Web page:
Activities of Daily Living

By Mary Forde

As we start another decade, I was reflecting on the changes we have experienced over the past 10 years, some good, some bad and most inevitable. I do think the one change that we may come to regret is the frantic pace we seem to have adopted in all parts of our lives. Sometimes I feel like I’m sitting on the bridge of the Starship Enterprise and Scotty keeps sending us into warp speed.

Why does that matter, aside from the stress on the body and soul?  We seem to have forgotten that we need to teach our children the basic daily living skills (usually referred to as ADL skills). I really don’t think we are evolving into a species that is unable to tie shoes, button shirts or put on boot/hats/mittens, but if you ask any elementary teacher they will tell you that more students are able to do less independently for longer periods of time. Like many skills, learning to tie shoes and button shirts takes practice and practice takes time and there is no time to practice anything at warp speed. How do you grab some time to teach when there is no time to breathe?

Suggestion 1. If you can buy your child two pairs of shoes, buy one with laces and one “warp speed” pair that have Velcro or slip on. If the planets align and you find yourself with an extra 10 minutes to get ready in the morning or before going out, have you child practice tying their shoes. Bunny ears or loop technique, just sit behind them and guide them through the process. But if the dog ate the homework and your child has just spilled juice all over themselves and the dog, then by all means go to the ‘warp speed’ shoes. Take the time to practice when you can and have back ups when you can’t.

Suggestion 2. Buy pajamas that look like clothes and start referring to them as ‘evening wear’ not pajamas. If you have the time, have your child practice buttoning up the oxford shirt to wear to school or an activity. If not, they can go out in their sleepwear and if an adult asks “Are you still wearing your pajamas?” they can truthfully respond, “No, it’s my evening wear.” No harm, no foul.

We can now find clothes that do not have fasteners and thanks to accommodations for people who are elderly or who have disabilities, there are now many options for clothing that is easy to put on and looks fine on anyone. Not having these ADL skills doesn’t doom you to a life of track suits and bedroom slippers. But being able to tie bows and knots and button and zip are skills that have application beyond dressing and make us more independent. These skills are not worth tears, but they are worth effort.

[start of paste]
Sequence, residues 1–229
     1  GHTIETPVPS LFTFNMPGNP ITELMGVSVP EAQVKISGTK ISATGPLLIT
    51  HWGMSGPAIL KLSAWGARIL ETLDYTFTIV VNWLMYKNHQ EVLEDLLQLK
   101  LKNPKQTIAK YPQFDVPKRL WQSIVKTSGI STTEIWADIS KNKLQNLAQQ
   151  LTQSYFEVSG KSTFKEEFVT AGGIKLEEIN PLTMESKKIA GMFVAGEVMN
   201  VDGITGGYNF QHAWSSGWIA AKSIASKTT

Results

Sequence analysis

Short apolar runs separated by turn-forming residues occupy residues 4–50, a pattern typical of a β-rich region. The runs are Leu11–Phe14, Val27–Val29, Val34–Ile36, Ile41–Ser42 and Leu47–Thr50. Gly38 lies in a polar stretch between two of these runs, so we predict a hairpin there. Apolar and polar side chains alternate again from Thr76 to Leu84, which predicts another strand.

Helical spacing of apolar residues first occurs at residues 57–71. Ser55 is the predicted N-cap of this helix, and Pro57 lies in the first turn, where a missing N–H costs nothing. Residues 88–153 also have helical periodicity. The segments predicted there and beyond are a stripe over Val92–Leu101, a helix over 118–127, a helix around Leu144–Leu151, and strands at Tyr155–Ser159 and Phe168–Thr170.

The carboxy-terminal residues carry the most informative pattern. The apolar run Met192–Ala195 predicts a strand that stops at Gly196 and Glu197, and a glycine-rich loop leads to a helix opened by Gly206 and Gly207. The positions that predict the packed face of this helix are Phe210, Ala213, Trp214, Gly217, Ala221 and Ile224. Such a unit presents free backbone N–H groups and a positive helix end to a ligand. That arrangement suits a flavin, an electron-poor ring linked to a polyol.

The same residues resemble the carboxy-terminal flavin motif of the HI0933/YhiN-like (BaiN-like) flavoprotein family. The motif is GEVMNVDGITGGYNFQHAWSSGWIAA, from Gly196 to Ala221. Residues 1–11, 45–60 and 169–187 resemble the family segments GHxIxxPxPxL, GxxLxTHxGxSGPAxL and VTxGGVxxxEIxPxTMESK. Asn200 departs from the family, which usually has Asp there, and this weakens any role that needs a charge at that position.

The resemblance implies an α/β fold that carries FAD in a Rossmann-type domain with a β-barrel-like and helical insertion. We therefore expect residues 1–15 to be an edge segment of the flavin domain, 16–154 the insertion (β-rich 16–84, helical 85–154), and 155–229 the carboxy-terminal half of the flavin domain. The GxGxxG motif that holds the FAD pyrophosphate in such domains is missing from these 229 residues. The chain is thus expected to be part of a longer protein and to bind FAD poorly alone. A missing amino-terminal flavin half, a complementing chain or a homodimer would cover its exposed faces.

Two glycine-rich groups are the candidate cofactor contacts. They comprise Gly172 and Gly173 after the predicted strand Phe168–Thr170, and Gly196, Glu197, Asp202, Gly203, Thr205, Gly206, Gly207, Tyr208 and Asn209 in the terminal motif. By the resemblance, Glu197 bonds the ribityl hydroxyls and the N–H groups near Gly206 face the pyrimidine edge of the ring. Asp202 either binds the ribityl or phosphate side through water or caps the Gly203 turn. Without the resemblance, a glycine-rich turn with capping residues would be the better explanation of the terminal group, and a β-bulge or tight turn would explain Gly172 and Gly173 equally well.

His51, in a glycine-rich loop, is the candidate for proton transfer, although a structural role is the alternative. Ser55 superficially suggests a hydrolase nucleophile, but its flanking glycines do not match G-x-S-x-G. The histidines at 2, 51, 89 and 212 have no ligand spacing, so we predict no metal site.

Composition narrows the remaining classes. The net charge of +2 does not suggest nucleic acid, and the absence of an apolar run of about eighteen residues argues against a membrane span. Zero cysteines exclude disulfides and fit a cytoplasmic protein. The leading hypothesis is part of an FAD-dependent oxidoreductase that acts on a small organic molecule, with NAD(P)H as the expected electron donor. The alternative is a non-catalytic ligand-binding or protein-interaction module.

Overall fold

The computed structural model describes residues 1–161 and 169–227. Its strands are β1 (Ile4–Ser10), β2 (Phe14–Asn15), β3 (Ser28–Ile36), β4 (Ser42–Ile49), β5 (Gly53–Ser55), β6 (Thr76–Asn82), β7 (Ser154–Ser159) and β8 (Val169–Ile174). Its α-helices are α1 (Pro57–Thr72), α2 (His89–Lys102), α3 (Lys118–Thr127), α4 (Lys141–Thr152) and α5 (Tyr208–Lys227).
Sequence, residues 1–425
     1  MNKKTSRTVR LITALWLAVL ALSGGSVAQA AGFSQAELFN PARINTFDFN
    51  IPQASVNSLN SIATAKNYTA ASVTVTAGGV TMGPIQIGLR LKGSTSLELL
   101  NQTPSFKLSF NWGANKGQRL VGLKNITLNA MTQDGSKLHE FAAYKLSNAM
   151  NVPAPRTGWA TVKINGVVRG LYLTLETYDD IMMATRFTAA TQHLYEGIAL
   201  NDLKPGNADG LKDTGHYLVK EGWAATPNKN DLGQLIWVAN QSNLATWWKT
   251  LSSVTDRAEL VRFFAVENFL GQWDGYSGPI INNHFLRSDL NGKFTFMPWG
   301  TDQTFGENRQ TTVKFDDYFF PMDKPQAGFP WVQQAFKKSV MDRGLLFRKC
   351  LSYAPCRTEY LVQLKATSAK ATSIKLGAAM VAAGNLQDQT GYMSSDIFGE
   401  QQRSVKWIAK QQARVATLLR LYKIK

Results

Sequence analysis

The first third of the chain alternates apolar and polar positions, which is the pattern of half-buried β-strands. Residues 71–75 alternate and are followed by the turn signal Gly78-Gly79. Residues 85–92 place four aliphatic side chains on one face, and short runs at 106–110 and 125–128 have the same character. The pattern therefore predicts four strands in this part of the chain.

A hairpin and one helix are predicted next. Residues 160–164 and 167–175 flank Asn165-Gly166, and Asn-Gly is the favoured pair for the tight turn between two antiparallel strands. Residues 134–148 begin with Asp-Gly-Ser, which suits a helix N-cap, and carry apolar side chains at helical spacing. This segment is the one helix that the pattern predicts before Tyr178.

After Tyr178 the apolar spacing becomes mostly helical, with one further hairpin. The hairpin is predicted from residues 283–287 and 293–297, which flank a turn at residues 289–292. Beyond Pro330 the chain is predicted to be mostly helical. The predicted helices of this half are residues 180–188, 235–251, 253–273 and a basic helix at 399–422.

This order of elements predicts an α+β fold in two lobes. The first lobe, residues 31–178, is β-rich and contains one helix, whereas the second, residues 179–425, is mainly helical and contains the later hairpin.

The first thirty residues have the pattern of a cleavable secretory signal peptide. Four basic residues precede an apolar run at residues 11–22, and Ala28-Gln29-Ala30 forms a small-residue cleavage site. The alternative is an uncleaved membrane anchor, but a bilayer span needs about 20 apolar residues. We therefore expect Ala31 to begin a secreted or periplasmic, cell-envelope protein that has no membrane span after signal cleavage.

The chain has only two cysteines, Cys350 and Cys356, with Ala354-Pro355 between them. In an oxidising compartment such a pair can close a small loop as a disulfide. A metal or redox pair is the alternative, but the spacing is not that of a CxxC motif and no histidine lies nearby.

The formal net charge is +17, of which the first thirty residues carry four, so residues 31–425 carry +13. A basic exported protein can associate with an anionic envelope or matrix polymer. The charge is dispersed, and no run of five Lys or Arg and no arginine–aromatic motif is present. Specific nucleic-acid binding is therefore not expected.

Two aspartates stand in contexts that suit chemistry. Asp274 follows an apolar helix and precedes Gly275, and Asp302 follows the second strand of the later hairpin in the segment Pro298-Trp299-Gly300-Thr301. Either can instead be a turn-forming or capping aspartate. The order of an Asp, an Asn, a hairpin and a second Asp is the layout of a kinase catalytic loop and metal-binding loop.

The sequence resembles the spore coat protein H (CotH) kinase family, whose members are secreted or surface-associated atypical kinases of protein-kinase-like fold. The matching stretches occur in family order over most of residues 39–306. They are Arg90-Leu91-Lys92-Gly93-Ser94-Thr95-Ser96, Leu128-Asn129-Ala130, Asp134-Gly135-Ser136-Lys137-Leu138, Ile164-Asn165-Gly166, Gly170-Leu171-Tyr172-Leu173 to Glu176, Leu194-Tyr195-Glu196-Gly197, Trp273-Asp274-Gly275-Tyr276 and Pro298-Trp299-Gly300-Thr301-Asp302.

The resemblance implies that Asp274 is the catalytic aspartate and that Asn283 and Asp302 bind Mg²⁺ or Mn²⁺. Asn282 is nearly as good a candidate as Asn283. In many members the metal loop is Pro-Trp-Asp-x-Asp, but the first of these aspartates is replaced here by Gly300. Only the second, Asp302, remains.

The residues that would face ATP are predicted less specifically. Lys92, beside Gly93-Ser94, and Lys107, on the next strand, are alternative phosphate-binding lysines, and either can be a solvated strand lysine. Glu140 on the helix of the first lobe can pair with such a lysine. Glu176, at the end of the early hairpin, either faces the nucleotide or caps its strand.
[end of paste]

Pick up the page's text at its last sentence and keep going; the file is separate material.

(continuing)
The same applies for young and older adolescents. Making dinner for the family once or twice a month is a good way to learn how to cook for yourself. You can start with one dish in the meal – they make the salad for pizza night. Estimating portions, chopping (you don’t have to start with the Ginzu knife, there are some great chopping gadgets that don’t put the knife next to fingers), measuring, etc. Also, the person who makes the salad decides what goes in the salad – be prepared for lettuce and potato chips. Sometimes you might be surprised by the result. However, having a bag of premixed salad in the fridge is a good back up, just in case.

As in most situations, teaching activities of daily living skills to kids and living in our warp speed world are not mutually exclusive. You probably can’t practice all the skills every day but you can likely squeeze in one or two. Although getting your teenager to do all the laundry for the family on a regular basis, is not likely they can do the twelve towels they need each time they shower. You may not be able to get your seven-year-old to clear the table and load the dishwasher but they can put their plate in the sink (or throw the paper plate in the trash – not ecological but sometimes necessary).

Although we may eventually evolve to the one-piece stretchy Star Trek jump suit with no buttons, zippers or laces (hopefully not in my lifetime or current body) for the forseeable future, being able to dress yourself, feed yourself, and at least do the basics of home living are necessary evils. Being able to do these things for themselves make your children more independent, should make your life easier, and gives kids a sense of competency and autonomy. Do what you can when you can, and celebrate both successes and attempts. And try the lettuce and potato chips although tomatoes and pretzels are not bad either.

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